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For many members of Martins Bank’s Staff, the Comapny is fondly remembered as “Mungo’s Bank” in honour of Mr Mungo Conacher, the charismatic Chief General Manager who takes the reigns at the end of 1955, and leads the Bank through many of its most historic firsts and important changes.  (The caricature of Mr Conacher seen here, is drawn by a talented member of the Bank’s Staff, Mr W B Brookes, whose excellent line drawn cartoons are used in many issues of Martins Bank Magazine).  Mr Conacher’s reign is welcomed by many, and he is seen throughout, to operate with a firm hand and a kindly disposition.  We still receive comment today from staff who remember the sense of “family” that he engendered.  So what is he really like?  This question is one of several posed by Martins Bank Magazine in its Autumn 1955 issue, in a feature published to welcome Mr Conacher to his new role…

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Our New Chief General Manager…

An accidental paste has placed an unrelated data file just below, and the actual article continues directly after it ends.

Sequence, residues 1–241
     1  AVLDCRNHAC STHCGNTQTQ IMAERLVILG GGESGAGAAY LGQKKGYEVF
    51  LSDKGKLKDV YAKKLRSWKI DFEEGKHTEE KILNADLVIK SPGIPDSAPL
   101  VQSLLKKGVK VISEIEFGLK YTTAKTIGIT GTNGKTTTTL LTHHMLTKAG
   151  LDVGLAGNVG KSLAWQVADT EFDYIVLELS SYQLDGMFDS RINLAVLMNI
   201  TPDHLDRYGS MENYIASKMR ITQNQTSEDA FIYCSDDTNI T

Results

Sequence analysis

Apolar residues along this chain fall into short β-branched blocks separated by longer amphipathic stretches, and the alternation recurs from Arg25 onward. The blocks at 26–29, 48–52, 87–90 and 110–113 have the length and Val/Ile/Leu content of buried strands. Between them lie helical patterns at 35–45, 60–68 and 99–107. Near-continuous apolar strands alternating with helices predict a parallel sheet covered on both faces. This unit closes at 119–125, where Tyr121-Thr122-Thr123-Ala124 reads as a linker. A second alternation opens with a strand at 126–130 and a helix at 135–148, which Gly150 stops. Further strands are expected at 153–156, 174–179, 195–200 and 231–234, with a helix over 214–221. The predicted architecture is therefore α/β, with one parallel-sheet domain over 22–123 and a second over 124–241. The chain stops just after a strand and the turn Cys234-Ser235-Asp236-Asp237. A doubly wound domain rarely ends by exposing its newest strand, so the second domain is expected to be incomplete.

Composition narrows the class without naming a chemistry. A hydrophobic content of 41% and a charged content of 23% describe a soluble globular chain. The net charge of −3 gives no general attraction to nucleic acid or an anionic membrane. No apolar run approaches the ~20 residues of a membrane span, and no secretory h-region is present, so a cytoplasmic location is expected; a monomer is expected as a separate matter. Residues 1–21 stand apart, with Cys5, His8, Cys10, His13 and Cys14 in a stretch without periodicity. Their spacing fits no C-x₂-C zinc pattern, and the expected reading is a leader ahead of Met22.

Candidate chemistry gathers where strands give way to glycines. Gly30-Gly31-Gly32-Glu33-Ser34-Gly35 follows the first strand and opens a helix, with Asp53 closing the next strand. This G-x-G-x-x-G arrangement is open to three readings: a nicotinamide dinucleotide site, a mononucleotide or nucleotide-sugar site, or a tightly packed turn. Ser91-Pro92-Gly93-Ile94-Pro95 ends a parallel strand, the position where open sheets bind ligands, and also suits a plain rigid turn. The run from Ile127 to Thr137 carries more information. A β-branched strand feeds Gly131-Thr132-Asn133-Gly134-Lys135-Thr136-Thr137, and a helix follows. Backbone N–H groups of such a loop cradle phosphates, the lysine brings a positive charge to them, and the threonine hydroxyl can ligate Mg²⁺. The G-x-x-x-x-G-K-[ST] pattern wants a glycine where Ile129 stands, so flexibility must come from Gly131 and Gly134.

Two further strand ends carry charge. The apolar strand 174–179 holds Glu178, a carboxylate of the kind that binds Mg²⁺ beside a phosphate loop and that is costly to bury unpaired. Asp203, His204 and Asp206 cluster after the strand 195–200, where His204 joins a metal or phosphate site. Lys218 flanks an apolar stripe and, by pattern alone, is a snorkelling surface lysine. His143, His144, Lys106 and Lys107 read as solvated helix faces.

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1940 Mr M Conacher Asst District Manager then DGM 1944 to 1946 MBM-Au46P051955 03.jpgSeemingly unimportant remarks, promptly forgotten by the speaker, are often remembered by the listener most vividly.  We remember one such remark made by our new Chief General Manager, Mr M Conacher, when we offered our congratulations on his appointment as Deputy Chief five years ago. “It’s a great opportunity” he said.  In that remark lies a clue to the character of the man who, God willing, will be in charge of the destiny of the Bank for the next decade and more.   No one knows better than he, that appointment to a great office is not the final achievement, but only the beginning.  All he has been given is the opportunity to show his worth, though at least it is an opportunity backed by the confidence and faith of his colleagues in his ability to lead well and to decide wisely.  We have watched him closely for ten years now, and have seen how legend and fairy tale have grown around him.  The things they say have probably been said about every great captain since the beginning of time: here we deal only in facts, facts culled from our own personal knowledge of him.